True Tales Of the Tutukaka Coast

Introduction

 

Cultivating our own Garden

Voltaire, the eighteenth century French philosopher, once wrote: “We must cultivate our own garden.”  In other words, knowing more about our own familiar environment, and taking a pride in it, helps us to make sense of our place in the world.

In many ways, it is a privilege to live on the Tutukaka Coast, rated in 2010 by National

Geographic Magazine as one of the three best coastlines in the world, and therefore, presumably, the best in New Zealand. We have 26 pristine beaches on our coastline, opportunities for recreation in the form of swimming, kayaking, horse-riding, fishing, deep-sea diving …, idyllic seascapes, an enviably relaxed lifestyle. What’s not to like?

However, the focus of this book is to define the uniqueness of our lives on the Tutukaka Coast by serving up a smorgasbord of anecdotes and tales to create a positive view of our daily life here, and profiling people and institutions that form part of our social fabric.

At times we have researched past events and personalities, recording the efforts and trials of ordinary people managing to do extraordinary things, acting without permits and re-source consents, without machinery and computerised tools. Number 8 fencing wire was never so important.

This book would not have happened without the willing-ness of local folk to tell their own stories. Their stories are included in good faith. There may be errors because the accu-racy of the information is only as reliable as the person who told the story; others may have experienced the same event in a different way. But we are grateful to those families who have opened those old suitcases in the attic and showed us documents, diaries and photos from the past. We thank you.

We gratefully acknowledge permission to use material from publications such as The Northern Advocate, Scene Magazine, NZ Memories and our local Focus magazine. We also acknowledge the support of graphic artists Cindy Alger and Vicky Graham (www.bespokebyvik.com) who drew the cartoons to illustrate some of the stories. Artists Zela Charlton (zela1075@gmail.com), Steve Moase, and Paul DuFlou generously invited us to use their work; photogra-phers, Wade Doak, Adrian Gilbert, Cole Johnston, Kate Malcolm and Malcolm Pullman www.photosnz.co.nz provid-ed the stunning photography that illustrates some of these pages.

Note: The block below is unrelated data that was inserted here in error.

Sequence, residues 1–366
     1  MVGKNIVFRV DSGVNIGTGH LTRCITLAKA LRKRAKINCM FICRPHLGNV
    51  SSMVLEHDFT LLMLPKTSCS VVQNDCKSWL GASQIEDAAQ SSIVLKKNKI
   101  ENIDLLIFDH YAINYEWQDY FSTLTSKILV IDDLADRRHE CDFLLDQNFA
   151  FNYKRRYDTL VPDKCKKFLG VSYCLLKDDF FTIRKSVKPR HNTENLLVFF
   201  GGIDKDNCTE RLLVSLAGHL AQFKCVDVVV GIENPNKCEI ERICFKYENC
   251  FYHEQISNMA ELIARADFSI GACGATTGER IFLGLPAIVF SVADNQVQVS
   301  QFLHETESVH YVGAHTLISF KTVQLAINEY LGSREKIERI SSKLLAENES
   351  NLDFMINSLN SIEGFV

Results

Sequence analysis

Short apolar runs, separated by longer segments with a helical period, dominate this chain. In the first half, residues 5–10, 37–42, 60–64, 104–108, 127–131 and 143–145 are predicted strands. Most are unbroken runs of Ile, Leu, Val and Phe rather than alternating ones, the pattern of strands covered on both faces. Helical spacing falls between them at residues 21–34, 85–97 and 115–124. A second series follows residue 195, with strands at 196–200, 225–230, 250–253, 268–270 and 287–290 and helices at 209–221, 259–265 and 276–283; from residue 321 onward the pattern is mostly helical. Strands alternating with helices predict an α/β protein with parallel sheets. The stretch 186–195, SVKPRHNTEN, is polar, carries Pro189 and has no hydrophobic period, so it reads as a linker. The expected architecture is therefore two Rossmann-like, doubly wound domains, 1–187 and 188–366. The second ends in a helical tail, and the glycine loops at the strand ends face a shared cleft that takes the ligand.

The True Tales Committee is a group of ten inquisitive, enthusiastic researchers determined to make your stories public and to present a positive image of who we are. We have worked under the guidance of a representative of the True Tales organisation (Don Goodall); other than that, we are all locals: David Young, Erica Wellington, Janet Sturgess, Jennifer Wilson-Stewart, Judi Gilbert, Margo Irvine, Mim Ringer, Mary Johnston and Murray Lints. We include two local historians (Mim Ringer and Jennifer Wilson-Stewart); another with links to local iwi (Erica Wellington), and another (Janet Sturgess) with a background in teaching journalism, editing, and desktop publishing.

All of us work as volunteers. Once we have covered our production costs, all proceeds from the book go back to the community through the local Lions Club. Thus, by buying copies of True Tales of the Tutukaka Coast you will be supporting your own community. In return, the Tutukaka Lions Club has been immensely helpful in facilitating the financing, marketing and sales of this book. They deserve your support.

We could not have produced True Tales of the Tutukaka Coast without the encouragement and financial support of the Whangarei District Council. The Oxford Trust also assisted us with a generous contribution. We are grateful for their help.

Start a Conversation

We hope these stories will encourage others to write and tell their family stories. As a start-ing point, today’s gold card holders will have a ready response to questions asked by their grandchildren and great- grandchildren: “So what was life like in your day, Grandad / Grandma?”

“Come, let’s sit down and read our book together.”

It’s important for us all to leave a legacy of our stories and experiences for generations to come. Enjoy the conversation.


by David Young, editor